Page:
This concert presents two of Koonce's seminal works. In Pins (1996) Koonce begins with the sound of children playing the classic video game “Pong”. These everyday sounds are manipulated and layered to create an evolving drama of sound. Sounds of street musicians, creaking doors, and forest insects blend with those of video games, office work, game shows, isolated musical instruments and traffic (among others) to create an always fluid fantastic daydream composed of varying densities of sonic reference.

As the title suggests Bernard Parmegiani's De Natura Sonorum (2001) is a collection of etudes on the nature of sounds. Already a tower in the style of composition known as musique concrete the fact that Parmegiani would humble himself in the composition of a series of etudes so late in his life is a testament to the ever inspiring resource Parmegiani found in everyday sounds and, as the title suggests, the nature of sound itself. Here we present two selections from a collection of 12 studies. In Incidences RĂ©sonances Parmegiani uses the ideas of resonance and interjection to create motives during his development of metallic timbres. In Conjugaison Du Timbre Parmegiani creates an almost pyschedelic exploration of the timbres of a low woodwind instrument through granular synthesis, layering, and filtering.

Koonce's Hothouse (1992) begins with what might be heard as a surreal recording session consisting of a drumset, upright bass, and a saxophone. The sounds of children and men's voices interject and give cause to the instruments' varied and wild responses. A more intense work than Pins, Hothouse's title undoubtedly references the term as it has been applied in the lore of Jazz music, a use of the term that invokes the idea of a space for vigorous growth and development. Here Koonce stretches the Jazz Trio using digital audio techniques to create a surreal, moody, and highly dramatic reflection of this tradition.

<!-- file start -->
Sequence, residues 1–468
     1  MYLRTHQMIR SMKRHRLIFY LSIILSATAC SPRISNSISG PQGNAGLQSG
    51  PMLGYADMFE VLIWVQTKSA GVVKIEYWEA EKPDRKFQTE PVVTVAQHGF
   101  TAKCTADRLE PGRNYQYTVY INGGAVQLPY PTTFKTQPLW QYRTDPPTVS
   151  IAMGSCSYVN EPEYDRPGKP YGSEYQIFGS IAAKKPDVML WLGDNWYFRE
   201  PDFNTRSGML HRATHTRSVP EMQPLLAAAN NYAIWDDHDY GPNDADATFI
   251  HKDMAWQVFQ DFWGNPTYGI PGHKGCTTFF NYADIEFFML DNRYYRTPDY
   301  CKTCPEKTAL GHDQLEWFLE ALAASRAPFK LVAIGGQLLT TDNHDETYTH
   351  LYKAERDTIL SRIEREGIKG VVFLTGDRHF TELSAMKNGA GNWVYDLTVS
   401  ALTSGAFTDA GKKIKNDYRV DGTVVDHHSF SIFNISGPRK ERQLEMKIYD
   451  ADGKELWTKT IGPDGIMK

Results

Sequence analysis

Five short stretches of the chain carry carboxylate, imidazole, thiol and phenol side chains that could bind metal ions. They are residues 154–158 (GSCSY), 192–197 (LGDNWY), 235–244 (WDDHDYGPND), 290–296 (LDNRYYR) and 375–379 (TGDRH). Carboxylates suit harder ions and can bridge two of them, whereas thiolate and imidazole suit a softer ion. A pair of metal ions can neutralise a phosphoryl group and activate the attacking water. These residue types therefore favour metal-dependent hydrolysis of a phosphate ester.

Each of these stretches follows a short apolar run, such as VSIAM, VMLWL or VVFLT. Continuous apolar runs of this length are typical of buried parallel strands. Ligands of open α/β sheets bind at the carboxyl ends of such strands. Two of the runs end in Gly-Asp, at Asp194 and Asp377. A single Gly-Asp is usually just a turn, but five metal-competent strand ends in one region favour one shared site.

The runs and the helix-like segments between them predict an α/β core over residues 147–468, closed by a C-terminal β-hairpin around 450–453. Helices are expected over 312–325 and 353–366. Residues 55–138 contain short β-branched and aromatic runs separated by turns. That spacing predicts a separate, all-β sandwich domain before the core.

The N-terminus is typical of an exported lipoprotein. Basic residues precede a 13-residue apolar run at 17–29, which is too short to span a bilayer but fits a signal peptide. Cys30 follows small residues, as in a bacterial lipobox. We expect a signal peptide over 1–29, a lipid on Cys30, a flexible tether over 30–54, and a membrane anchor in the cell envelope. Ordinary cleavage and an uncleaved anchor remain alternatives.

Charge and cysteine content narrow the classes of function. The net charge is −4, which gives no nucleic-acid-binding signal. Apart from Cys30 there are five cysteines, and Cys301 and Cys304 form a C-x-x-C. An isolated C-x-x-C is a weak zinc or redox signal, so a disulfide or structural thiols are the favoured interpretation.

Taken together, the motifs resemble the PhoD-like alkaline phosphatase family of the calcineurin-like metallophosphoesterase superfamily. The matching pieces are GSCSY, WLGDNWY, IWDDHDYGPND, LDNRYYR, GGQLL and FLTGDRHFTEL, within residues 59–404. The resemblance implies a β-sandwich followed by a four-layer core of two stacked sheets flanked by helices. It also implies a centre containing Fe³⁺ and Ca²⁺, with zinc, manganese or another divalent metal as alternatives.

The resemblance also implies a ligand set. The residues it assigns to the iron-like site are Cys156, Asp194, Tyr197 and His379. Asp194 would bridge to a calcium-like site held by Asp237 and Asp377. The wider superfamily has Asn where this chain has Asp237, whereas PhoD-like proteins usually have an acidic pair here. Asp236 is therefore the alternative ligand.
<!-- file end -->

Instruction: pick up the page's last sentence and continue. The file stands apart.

Scott Worthington writes about his work: “Before composing At Dusk, I had become jealous of pianists' ability to hold the sustain pedal of their instrument down indefinitely, allowing the strings to freely resonate, and hoped to find a way to let the bass resonate in a similar fashion. To this aim, I wrote a simple computer program in SuperCollider to become my sustain pedal. This program places the bass's sound in a faux resonance chamber tuned to the pitches played throughout the piece (for the technically minded, this is done with tuned all pass filters in series—sort of like an intentionally poorly designed Schroeder reverb).

The piece is comprised of four large sections which overlap to form transitions. In addition to the digital resonances, the bass part takes copious advantage of the bass's resonant possibilities through the use of harmonics, open strings, and low pizzicato notes allowed to vibrate until they reach silence. These long-ringing pizzicati subdivide the piece, not necessarily coinciding with the four sections.”

The Sound Theater

Music Under the Influence of Computers returns with:

The Sound Theater

Scott Worthington, Bass

Monday, april 4th, 2011
Calit2 Theater
Atkinson Hall
UCSD Campus


Interface Chapel (2008) - Mathew Barber
(Live Bass and Computer)

Pins (1996) - Paul Koonce
(surround sound)

Selections from De Natura Sonorum (2001) - Bernard Parmegiani
(surround sound)
1. Incidences résonances
6. Conjugaison Du Timbre

Hothouse (1992) - Paul Koonce
(surround sound)

At Dusk (2009) - Scott Worthington